BThe CEO of Mercedes-AMG, Tobias Moers, recently announced his company would no longer consider RWD cars for Mercedes’ go-faster division. All performance vehicles from Affalterbach will have a 4Matic setup. While this may seem like a progressive choice, BMW’s Markus Flasch sees the subject differently.
As the Chairman of the Board of Management for BMW’s M division, Flasch has taken a distinctly separate approach to the issue than Moers. Flasch argues that rear-wheel drive is still relevant for some segments of the market, and the BMW M3 will sport the feature. His logic is relatively easy to follow.
An AWD layout is more suitable for medium and larger cars, which customers tend to drive throughout the entirety of the year. Smaller and cheaper M cars — like the M2, M3 and M4 — usually remain in an owner’s garage in inclement conditions. They’ll often take them out when the weather is good, less so when it’s not.
Because of this, Flasch is determined to keep RWD alive as he continues to pursue xDrive, and in doing so, remain faithful to the spirit of the M division. Though he won’t please everyone, Flasch believes he’ll satisfy most BMW enthusiasts. Regardless, he has other exciting developments in line for the coming decade.
Progress and Innovation
Beyond the BMW M3’s rear-wheel drive, Flasch has also announced plans for new CS models. They won’t necessarily take the form of a coupe, and you may even see that CS suffix attached to an SUV sometime in the far future. Of course, these comments strongly suggest that BMW may bring back the CSL.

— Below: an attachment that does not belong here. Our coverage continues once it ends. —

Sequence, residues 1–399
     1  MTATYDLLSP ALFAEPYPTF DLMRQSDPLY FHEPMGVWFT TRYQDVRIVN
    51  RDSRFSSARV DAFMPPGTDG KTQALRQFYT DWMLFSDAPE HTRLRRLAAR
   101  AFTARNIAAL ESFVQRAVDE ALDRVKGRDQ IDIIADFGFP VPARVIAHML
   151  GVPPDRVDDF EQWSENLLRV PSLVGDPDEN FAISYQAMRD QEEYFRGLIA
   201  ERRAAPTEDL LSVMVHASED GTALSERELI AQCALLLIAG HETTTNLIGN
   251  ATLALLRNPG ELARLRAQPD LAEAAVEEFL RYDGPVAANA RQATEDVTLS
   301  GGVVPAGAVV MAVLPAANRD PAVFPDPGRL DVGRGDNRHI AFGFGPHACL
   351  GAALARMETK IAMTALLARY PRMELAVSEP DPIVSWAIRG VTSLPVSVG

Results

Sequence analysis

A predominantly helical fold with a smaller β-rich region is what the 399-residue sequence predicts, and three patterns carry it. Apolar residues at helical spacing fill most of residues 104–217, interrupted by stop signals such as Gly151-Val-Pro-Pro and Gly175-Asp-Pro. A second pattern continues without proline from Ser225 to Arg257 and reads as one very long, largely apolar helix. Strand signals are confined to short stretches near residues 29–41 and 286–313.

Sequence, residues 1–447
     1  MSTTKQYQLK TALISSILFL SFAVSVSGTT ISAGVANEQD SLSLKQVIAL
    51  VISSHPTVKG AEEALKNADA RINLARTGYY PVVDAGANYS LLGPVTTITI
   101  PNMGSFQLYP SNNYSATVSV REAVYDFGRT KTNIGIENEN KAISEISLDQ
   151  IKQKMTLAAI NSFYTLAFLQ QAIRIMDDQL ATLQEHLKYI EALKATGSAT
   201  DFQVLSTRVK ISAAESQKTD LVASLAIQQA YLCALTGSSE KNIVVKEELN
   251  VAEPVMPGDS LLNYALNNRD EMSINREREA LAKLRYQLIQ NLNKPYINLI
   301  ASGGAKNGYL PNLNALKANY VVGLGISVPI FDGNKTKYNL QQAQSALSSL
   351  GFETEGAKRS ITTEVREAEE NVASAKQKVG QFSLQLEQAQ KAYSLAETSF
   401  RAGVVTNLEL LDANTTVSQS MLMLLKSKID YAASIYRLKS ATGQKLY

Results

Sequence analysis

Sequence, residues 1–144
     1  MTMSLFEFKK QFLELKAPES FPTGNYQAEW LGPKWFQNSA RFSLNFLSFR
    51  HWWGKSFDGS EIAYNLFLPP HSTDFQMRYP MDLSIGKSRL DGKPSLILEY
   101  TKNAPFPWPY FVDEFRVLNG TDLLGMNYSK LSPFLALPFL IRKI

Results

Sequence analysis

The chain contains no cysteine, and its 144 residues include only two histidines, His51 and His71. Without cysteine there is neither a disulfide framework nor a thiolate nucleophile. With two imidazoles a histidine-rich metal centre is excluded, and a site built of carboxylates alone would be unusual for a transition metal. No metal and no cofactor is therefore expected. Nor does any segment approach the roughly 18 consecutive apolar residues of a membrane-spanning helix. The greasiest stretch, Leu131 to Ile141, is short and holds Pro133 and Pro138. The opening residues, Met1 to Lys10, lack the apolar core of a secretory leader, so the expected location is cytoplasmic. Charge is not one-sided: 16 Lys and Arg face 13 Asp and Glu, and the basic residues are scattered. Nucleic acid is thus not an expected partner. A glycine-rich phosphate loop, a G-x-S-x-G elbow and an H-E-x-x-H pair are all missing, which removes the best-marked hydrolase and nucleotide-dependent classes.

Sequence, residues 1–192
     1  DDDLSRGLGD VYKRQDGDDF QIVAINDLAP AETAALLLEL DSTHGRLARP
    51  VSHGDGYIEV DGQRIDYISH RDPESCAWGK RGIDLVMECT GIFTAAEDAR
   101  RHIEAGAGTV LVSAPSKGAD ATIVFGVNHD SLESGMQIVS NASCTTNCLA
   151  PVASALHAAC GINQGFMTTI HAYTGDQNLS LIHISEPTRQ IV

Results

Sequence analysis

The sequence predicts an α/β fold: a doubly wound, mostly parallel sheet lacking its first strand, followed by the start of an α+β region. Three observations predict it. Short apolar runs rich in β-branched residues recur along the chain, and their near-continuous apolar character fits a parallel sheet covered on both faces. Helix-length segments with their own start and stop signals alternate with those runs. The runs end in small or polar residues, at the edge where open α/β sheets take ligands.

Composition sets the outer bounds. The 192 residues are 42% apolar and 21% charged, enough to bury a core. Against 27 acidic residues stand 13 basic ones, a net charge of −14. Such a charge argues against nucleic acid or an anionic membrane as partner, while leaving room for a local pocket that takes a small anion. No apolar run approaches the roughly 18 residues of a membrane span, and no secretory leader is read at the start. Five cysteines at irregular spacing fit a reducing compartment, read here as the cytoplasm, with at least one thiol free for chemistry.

Flasch didn’t provide any model names, but the M2 is the likeliest candidate to benefit from this treatment if the Coupe Sport Leichtbau makes a comeback. However Flasch chooses to proceed, BMW enthusiasts can feel secure knowing the company’s highly regarded performance division is in capable hands.
With Flasch behind the wheel, it’s safe to say that BMW is on the right track. His ambition for a hypercar in the M division is one of the prime examples of his innovative mindset. Though his predecessor, Frankus Van Meel, ruled out the possibility of a hypercar in 2017, Flasch is taking things in another direction.
In the past, BMW has shown a reluctance to broach the subject of supercars and hypercars. However, Flasch feels that a low-emissions supercar is feasible with help from BMW’s i division. He’s shown an interest in collaboration between the M and i divisions, and the product of their teamwork will likely turn heads.
Looking Toward the Future
Flasch has a clear vision for the future of BMW’s M division. In addition to the rear-wheel drive for the BMW M3, enthusiasts should remain on the lookout for more exciting developments in the months and years ahead. The potential release of a low-emissions supercar is only a taste of what’s to come.
As Flasch moves forward with his plans for BMW, it’s reasonable to speculate his division will see a significant transformation. As it evolves and takes shape, enthusiasts will likely view the changes as positive, if not well-intentioned.